Got an email 2 weeks ago from my PM the tenant's pool cleaner (no wonder the pool is so freakin clean...)

For $1300/wk I would just offer to pay for a professional pool service more regularly (2 weeks) and increase the rent accordingly as cost for pool maintenance and repairs if the pool is poorly maintained can be expensive.

I have a pool and I pay for a monthly service just to make sure it is looked at by a professional regularly and I do the maintenance between these visits.
 
Ended up paying for the new creepy crawly and get the pump serviced :mad: well $1300/week at stake, better not mess around I guess.

They came back from holidays and complained the pool is in a "bad state" - I'm like, pool maintenance IS NOT included to begin with so how is that my problem? :eek:
 
Ended up paying for the new creepy crawly and get the pump serviced :mad: well $1300/week at stake, better not mess around I guess.

They came back from holidays and complained the pool is in a "bad state" - I'm like, pool maintenance IS NOT included to begin with so how is that my problem? :eek:

If they are paying for pool maintenance, they should have organised a visit from the pool company while they were away.
 
Ended up paying for the new creepy crawly and get the pump serviced :mad: well $1300/week at stake, better not mess around I guess.

They came back from holidays and complained the pool is in a "bad state" - I'm like, pool maintenance IS NOT included to begin with so how is that my problem? :eek:

Wow - at $1,300/wk I'd (if I were a tenant) expect pool maintenance to be included! People paying that much rent are not used to cleaning there own pool methinks

We had pool service on our $700/wk place - purely because we felt it was better to have the pool maintained then trust the tenants to stuff it up

How much does it cost for a pool guy to go out once a week/fortnight/month? Might be worth the investment to arrange this service - and up their rent to cover it next round of rises.
 
Wow - at $1,300/wk I'd (if I were a tenant) expect pool maintenance to be included! People paying that much rent are not used to cleaning there own pool methinks

It was advertised at $1200/week, they got keen/excited and started a bidding war with another prospective tenants just when I was about to drop the asking rent to $1100/week with pool/garden maintenance included because it was on the market for too long :p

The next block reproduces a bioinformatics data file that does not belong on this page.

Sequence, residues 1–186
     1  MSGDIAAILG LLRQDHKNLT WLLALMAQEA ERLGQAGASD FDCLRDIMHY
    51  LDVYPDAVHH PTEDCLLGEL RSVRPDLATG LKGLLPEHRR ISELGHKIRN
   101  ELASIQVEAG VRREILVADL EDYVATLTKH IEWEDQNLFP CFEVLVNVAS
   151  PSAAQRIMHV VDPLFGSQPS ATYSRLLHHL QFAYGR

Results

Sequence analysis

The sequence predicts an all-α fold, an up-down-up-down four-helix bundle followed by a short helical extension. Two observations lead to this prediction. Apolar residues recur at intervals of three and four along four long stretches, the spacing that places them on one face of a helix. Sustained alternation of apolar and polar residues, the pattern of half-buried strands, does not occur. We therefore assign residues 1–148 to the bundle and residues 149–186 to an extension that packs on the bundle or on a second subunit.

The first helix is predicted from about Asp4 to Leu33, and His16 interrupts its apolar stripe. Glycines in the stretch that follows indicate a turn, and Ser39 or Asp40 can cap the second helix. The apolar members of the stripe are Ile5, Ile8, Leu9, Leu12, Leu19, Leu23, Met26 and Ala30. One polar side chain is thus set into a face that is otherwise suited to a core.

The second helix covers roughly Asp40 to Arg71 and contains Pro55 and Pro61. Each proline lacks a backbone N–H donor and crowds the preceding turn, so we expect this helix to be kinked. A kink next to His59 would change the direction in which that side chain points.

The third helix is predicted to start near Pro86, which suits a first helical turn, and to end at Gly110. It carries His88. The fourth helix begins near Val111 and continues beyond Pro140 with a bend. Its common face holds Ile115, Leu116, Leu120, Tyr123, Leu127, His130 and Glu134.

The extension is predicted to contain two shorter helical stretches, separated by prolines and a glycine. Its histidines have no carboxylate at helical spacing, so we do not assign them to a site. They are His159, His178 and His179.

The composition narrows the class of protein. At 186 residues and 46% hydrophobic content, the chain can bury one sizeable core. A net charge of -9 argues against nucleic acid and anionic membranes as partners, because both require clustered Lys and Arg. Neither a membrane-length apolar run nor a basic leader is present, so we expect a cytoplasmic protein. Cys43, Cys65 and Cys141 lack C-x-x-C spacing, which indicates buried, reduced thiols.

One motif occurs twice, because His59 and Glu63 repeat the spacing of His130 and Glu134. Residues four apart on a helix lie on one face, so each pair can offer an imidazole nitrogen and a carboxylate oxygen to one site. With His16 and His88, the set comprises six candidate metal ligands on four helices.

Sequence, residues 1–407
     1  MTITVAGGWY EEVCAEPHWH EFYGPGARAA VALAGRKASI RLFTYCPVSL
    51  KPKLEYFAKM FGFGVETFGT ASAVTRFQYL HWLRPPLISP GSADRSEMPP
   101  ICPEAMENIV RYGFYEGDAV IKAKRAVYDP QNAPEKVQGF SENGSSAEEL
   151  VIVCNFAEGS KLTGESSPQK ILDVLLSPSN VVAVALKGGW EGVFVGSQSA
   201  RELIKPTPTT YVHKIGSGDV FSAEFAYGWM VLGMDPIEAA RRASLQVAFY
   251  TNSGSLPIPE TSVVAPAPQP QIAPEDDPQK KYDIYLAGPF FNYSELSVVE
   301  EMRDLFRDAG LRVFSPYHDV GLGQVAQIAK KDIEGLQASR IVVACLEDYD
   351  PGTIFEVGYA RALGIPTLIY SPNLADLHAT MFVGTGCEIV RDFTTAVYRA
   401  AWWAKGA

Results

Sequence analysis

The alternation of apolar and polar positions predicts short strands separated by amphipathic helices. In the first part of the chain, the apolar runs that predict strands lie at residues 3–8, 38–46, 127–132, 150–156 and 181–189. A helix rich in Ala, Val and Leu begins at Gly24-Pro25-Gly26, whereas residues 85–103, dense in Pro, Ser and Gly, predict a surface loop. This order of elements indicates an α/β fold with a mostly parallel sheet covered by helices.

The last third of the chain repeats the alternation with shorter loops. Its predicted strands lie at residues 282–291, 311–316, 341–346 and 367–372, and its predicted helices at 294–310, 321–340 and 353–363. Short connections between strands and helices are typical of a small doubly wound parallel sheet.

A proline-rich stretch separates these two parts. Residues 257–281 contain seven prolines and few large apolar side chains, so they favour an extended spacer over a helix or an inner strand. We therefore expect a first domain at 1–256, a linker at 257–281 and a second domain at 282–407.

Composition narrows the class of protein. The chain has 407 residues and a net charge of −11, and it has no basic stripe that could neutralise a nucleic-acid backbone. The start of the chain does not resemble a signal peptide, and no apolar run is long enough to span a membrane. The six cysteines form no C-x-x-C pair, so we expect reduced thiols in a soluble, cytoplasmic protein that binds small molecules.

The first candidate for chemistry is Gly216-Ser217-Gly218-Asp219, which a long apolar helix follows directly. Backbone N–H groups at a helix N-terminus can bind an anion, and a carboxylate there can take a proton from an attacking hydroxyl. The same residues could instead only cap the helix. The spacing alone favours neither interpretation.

It was advertised at $1200/week, they got keen/excited and started a bidding war with another prospective tenants just when I was about to drop the asking rent to $1100/week with pool/garden maintenance included because it was on the market for too long :p

might be time to re-include the pool maintenance then - even if just for your peace of mind :D
 
If they are happy to be paying the rent they are paying I would not be including the pool maintenance. Of course, if their slackness in keeping the pool maintained means it costs you in the long run to fix major issues, this could be reconsidered.

What I would do is keep the pool maintenance once a month visit as a back up sweetener to keep them, if they decide to leave.

We have tenants who are paying $490 per week and we have raised the rent to $500. Right now, there is a chance they could find something for less, so we don't want to push them too much and risk losing good tenants.

We include mowing, which averages out to about $10 to 15 per week over the year.

They have asked for a two year lease. I have agreed to a one year lease and we will look at the prices of comparable rentals this time next year.

If they have risen sharply, we will raise the rent again, but knowing they have an upper budget, and knowing they are great tenants, one option I have in mind is to keep the rent the same but drop the mowing. That puts $10 to 15 in our pockets every week whilst allowing them to stay in a house that suits them but which they would possibly leave for a cheaper one if we push the rent up.